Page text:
Contrast that with an interview that I once watched with an openly gay Episcopal priest who theologically was the fluffiest bunny who had ever fluffed out his bunny fluff. That priest kept whining that he didn't want to talk about the Bible and, in doing so, badly lost a debate that he should have handily won. Since his most vigorous interlocutor was an African-American woman, he could have just reminded her of what the same literal Biblical interpretation that she used against homosexuality would say about both slavery and the role of women. Yet he did not do so, and since he put forth no argument to justify himself, a fence-sitter could reasonably have concluded that no such argument existed.

Monday, December 7, 2009

Same-sex marriage and freedom of religion (2)

This letter to the editor argues that whenever secular law disagrees with a church's marriage law, that church still "has a constitutional right to follow its beliefs," even when that church is receiving public funds. Therefore, I propose to start my own church, get a public contract, and then declare ex cathedra that no marriage is valid in the eyes of the Invisible Pink Unicorn unless the spouses have paid our church an honorarium of $50,000. If anyone dares criticize me, I'll play the religious-bigotry card.

Tuesday, December 1, 2009

Gay cliché? Moi?

Ever notice how the people who so loudly claim not to be gay clichés are so often the biggest gay clichés around? One acquaintance claimed that he was not stereotypically gay and as evidence stated that he worked out. I am not making that up.

Why believe in things that make it tough on you ...

especially if you don't genuinely believe in them at all? Many people complain that a religious organization regards them as inferior for being LGBT or female, yet remain in that religious organization and presumably even throw something into the collection plate. Such people give the sanction of the victim to that organization.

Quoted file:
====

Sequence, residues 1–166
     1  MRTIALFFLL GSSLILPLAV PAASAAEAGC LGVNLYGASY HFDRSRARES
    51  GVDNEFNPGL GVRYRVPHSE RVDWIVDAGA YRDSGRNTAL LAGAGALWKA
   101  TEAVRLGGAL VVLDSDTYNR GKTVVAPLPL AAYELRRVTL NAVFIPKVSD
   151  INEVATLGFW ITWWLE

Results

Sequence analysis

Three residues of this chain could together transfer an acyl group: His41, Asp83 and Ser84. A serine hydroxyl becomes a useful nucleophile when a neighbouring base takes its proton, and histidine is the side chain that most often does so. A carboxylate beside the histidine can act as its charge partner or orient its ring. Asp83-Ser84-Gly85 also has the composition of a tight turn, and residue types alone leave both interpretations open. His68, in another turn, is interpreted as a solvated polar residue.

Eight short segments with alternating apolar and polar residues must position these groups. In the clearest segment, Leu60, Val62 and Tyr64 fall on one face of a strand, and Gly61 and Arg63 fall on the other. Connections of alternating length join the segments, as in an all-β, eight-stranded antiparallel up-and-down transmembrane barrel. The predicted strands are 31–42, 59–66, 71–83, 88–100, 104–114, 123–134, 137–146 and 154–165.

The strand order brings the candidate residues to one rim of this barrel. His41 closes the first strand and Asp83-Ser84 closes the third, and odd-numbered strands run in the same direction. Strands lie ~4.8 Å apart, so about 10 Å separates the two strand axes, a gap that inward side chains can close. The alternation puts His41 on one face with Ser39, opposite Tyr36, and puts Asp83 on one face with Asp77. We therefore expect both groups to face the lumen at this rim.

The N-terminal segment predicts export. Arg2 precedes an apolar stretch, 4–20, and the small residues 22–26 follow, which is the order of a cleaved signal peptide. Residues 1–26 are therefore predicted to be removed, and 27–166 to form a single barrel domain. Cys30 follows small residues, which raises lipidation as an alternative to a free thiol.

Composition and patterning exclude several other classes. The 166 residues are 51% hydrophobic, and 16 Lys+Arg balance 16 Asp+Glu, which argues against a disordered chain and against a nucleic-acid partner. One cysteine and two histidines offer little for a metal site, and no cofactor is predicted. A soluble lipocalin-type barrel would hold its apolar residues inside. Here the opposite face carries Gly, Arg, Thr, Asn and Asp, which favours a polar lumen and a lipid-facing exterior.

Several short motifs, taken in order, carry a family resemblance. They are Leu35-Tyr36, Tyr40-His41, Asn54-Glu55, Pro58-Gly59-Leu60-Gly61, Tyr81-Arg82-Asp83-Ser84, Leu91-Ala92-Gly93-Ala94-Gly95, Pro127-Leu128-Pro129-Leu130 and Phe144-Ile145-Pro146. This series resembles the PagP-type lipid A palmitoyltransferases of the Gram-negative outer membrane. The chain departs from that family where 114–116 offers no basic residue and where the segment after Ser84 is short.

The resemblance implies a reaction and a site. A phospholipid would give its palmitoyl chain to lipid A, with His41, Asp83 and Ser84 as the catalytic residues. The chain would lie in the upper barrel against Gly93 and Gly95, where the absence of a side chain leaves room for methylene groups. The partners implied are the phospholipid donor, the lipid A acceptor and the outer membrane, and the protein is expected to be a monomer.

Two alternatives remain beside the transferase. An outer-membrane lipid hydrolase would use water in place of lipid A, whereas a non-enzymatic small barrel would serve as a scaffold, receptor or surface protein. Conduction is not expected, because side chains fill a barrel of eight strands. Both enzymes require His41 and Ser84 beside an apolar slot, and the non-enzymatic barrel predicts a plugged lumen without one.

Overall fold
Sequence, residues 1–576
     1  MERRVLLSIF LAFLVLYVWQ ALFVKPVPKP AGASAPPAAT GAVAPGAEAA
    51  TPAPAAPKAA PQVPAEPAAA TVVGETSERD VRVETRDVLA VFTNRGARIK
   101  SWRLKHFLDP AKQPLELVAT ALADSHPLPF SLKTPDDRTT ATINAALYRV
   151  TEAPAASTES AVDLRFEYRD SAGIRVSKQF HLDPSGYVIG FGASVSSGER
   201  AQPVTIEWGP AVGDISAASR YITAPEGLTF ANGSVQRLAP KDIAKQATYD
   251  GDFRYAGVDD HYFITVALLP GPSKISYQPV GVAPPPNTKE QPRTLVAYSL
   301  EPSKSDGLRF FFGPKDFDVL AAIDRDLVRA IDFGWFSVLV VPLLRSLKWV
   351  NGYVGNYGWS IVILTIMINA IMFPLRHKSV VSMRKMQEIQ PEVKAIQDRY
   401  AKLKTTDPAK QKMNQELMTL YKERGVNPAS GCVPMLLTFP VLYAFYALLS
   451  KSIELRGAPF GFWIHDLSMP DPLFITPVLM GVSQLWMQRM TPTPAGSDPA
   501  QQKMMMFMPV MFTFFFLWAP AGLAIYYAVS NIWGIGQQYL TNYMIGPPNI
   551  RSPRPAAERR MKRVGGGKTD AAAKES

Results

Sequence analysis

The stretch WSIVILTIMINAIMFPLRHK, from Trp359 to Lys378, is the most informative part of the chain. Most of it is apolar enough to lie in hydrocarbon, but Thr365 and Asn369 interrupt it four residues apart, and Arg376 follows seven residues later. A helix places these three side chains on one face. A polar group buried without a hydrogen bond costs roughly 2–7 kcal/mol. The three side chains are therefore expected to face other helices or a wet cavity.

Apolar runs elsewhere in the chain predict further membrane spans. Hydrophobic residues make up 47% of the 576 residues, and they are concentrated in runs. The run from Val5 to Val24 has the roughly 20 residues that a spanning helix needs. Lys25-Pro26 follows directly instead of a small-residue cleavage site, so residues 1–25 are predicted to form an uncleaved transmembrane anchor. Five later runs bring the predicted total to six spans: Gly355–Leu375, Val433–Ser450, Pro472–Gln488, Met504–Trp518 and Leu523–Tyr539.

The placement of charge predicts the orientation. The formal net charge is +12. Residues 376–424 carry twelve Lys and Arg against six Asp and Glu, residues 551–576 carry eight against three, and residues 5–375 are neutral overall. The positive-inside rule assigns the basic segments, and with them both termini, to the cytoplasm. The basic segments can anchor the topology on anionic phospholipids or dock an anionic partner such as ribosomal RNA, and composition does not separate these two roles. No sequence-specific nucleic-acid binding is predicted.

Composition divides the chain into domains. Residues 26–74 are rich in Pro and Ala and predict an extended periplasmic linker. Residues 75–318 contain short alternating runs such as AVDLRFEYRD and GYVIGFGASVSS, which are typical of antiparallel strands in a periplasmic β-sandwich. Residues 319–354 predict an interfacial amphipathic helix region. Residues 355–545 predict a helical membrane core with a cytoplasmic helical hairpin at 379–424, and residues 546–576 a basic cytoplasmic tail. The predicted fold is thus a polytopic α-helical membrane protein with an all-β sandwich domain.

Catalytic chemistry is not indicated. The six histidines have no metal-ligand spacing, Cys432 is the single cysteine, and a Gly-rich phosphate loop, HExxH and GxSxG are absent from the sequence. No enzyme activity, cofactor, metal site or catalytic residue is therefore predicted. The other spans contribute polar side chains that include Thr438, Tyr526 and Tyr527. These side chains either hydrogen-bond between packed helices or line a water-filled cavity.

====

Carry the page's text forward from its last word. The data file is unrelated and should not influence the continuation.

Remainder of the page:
Some such people justify their continued involvement in Catholicism by claiming, usually without proof, to have some special insight into the true meaning of Catholic doctrine that has somehow eluded the Catholic hierarchy itself for almost two millennia. That attitude is just silly. Like it or not, Catholic doctrine is not whatever you decide it is, but what the Catholic Church decides it is. Either you accept the teaching authority of the Catholic Church, or you do not. When I decided that I did not, I preserved my intellectual integrity by leaving Catholicism.

Others claim that they are working to reform a religious organization from within. Good luck with that. Some of the finest theological thinkers in Christian history either could not or would not reform their churches from within and ended up founding new denominations. Moreover, a church that survived the Reformation has little to fear from the cheap publicity stunts that so often pass for protests against Catholic doctrine. We must weigh the probability that such publicity stunts will achieve their goal against the probability that they will have unintended consequences - something that the nimrod who dropped the Eucharist on the floor of the cathedral evidently forgot to do.